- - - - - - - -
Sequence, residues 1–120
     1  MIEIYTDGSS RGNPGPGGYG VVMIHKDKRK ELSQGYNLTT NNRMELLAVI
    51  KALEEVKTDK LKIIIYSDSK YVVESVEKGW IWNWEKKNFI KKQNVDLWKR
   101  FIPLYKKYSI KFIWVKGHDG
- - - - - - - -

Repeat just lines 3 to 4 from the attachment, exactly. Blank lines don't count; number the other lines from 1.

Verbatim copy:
    51  KALEEVKTDK LKIIIYSDSK YVVESVEKGW IWNWEKKNFI KKQNVDLWKR
   101  FIPLYKKYSI KFIWVKGHDG